Washington: Princes William and Harry barely spoke to one another and spent only 20 minutes in the same room after the unveiling of the Princess Diana statue at Kensington Palace on July 1.
As per Fox News, the once inseparable brothers, who haven’t seen each other since Prince Phillip’s funeral, where William asked to not walk beside Harry, are still “warring” and sources close to the pair told the Mirror: it is “almost impossible for Harry to be trusted.”
The divide deepened since allegations were made that Meghan Markle bullied palace staff and the explosive Oprah Winfrey interview Harry and Meghan did this Spring in which they claimed Markle felt suicidal and unprotected during her pregnancy.
After the devastating Oprah interview, Harry continued to dish about private chats to CBS’ Gayle King – prompting the royals to refuse to have “one-on-one” chats with Harry because neither trusts him enough to speak with him alone.
“Despite William and Harry coming together this week for the sole cause of commemorating their mother’s legacy, Harry is very much on the outside. “They put on a show, did what they had to do to make sure the day went without a hitch and said goodbye,” a source told the Mirror.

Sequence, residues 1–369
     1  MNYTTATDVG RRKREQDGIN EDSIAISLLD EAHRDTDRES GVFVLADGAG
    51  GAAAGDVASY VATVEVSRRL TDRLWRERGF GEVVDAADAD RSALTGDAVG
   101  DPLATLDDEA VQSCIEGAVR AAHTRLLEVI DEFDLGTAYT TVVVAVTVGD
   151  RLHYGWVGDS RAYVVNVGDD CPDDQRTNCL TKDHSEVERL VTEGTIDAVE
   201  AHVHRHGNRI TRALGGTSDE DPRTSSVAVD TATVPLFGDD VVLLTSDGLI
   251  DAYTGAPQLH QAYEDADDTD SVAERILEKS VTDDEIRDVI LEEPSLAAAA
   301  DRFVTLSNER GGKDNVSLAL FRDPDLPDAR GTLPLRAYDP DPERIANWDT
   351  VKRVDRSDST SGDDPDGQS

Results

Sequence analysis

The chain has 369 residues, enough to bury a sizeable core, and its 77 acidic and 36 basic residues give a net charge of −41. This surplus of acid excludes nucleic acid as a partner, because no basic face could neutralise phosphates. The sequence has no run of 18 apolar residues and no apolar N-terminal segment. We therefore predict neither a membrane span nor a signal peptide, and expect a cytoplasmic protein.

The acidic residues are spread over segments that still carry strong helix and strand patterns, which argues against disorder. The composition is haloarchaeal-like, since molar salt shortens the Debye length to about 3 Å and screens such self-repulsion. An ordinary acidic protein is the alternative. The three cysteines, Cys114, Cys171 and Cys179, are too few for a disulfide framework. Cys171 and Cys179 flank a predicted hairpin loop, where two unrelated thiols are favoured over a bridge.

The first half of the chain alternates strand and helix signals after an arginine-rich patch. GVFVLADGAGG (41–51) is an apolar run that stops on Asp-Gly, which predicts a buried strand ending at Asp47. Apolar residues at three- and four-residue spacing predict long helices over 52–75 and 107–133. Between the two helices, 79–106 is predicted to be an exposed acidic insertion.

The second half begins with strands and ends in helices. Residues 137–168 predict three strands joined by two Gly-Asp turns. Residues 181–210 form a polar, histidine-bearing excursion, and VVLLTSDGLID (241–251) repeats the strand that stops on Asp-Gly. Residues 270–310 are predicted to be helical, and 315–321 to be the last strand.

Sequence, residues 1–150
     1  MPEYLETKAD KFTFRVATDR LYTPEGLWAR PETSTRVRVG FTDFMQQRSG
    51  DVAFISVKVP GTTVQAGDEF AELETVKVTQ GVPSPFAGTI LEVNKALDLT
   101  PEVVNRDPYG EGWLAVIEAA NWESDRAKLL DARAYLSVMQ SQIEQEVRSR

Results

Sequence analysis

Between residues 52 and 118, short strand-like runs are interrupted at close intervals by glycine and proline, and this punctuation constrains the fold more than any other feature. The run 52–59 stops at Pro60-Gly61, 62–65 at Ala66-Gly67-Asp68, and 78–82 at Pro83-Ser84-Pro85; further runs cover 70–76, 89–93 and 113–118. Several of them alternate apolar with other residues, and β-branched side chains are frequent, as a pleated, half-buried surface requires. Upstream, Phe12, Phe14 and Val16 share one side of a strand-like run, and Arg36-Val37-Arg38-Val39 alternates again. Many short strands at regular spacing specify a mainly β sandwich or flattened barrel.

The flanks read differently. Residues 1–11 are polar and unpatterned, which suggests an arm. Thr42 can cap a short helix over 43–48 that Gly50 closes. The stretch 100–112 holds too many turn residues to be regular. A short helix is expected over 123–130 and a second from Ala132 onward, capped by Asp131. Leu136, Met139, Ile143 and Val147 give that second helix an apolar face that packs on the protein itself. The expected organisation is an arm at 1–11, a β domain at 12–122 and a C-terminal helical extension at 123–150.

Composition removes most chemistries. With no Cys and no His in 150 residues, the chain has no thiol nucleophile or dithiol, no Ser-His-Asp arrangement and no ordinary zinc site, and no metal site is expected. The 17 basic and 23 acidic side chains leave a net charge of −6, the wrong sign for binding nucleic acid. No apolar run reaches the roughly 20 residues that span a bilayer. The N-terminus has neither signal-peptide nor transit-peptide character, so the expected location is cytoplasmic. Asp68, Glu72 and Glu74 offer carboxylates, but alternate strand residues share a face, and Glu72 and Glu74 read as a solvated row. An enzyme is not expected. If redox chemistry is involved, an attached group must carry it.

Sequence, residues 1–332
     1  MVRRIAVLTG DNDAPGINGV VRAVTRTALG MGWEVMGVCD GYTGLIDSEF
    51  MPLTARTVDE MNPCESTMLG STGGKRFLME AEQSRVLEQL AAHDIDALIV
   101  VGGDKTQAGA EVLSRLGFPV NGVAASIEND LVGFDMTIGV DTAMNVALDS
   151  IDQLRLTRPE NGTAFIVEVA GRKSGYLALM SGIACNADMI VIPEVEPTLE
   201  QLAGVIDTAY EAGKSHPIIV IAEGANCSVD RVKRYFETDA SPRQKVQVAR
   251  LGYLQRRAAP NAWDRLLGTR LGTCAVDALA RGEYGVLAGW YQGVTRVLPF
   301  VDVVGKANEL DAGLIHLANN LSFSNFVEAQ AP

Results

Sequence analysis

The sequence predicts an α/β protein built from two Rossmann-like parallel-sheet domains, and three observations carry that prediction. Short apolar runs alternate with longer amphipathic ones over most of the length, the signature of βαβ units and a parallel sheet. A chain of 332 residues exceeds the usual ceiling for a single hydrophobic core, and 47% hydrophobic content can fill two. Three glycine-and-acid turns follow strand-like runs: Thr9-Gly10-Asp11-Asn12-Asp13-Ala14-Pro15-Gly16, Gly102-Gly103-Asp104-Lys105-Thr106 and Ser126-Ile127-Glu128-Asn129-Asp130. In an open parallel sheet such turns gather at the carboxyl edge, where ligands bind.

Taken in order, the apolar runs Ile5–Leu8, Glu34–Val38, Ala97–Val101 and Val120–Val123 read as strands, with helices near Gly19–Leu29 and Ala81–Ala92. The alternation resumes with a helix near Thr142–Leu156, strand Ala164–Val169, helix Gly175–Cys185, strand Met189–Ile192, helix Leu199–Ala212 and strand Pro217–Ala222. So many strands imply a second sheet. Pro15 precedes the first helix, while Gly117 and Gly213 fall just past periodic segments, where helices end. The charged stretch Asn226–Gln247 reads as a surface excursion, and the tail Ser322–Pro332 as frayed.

As per Fox News, Harry, who left for America almost immediately after the statue unveiling, is now back with his wife Meghan, who hasn’t seen her in-laws since Megxit.
The brothers took the wraps off the statue in the garden of Diana’s former London home at Kensington Palace, in an intimate ceremony due to the Covid-19 pandemic.
Kensington Palace said it aimed to reflect Diana’s “warmth, elegance and energy”. The children represent “the universality and generational impact” of her work, it added.
“Today, on what would have been our mother’s 60th birthday, we remember her love, strength and character — qualities that made her a force for good around the world, changing countless lives for the better,” they said in a statement.
“Every day, we wish she were still with us, and our hope is that this statue will be seen forever as a symbol of her life and her legacy.”
(With inputs from ANI)